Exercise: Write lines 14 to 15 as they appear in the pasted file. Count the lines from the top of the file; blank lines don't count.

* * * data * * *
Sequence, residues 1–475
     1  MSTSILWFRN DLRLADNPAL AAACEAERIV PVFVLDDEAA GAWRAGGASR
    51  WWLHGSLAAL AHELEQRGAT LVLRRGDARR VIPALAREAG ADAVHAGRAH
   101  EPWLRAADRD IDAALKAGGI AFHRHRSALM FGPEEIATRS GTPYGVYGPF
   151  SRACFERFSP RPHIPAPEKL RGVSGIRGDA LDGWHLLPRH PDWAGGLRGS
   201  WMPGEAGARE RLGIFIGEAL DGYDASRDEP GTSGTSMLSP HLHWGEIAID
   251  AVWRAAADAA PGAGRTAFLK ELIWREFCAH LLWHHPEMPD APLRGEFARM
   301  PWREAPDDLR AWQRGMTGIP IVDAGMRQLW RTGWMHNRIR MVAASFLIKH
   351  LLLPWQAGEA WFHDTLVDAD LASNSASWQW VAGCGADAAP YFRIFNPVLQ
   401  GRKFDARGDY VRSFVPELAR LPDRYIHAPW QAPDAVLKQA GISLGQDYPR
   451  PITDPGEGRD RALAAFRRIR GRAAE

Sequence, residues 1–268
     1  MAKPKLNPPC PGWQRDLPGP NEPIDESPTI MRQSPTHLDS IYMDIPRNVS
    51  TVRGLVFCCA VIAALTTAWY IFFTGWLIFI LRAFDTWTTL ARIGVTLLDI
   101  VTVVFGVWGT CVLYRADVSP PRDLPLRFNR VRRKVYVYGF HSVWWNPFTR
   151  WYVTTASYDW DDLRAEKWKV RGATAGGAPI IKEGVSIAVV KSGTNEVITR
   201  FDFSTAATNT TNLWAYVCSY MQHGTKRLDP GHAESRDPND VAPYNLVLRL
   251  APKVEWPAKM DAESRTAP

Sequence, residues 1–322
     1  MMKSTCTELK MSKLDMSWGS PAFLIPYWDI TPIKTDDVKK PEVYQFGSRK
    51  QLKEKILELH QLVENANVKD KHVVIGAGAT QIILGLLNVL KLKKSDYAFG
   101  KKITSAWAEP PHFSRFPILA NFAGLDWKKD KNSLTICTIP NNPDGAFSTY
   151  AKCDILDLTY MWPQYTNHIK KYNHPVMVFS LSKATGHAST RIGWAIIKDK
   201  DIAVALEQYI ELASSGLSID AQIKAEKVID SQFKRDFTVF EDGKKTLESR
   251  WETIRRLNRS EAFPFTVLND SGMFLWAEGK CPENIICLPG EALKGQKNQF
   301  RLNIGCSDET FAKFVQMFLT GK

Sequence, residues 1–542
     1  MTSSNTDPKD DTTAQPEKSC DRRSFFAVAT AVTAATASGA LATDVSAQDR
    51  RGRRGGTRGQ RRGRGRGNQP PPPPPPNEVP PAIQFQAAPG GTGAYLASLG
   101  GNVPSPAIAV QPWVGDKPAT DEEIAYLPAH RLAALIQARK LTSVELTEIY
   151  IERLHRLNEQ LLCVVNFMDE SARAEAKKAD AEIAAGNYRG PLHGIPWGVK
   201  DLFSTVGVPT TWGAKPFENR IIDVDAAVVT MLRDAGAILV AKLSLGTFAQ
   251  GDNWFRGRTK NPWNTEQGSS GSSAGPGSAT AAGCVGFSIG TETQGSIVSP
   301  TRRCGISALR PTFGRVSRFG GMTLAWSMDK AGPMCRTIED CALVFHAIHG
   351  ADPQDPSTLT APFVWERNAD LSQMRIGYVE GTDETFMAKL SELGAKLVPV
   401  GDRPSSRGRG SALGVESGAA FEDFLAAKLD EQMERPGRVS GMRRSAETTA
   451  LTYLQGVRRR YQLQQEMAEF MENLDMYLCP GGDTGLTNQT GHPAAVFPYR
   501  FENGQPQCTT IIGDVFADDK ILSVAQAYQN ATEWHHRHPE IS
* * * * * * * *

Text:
    51  TVRGLVFCCA VIAALTTAWY IFFTGWLIFI LRAFDTWTTL ARIGVTLLDI
   101  VTVVFGVWGT CVLYRADVSP PRDLPLRFNR VRRKVYVYGF HSVWWNPFTR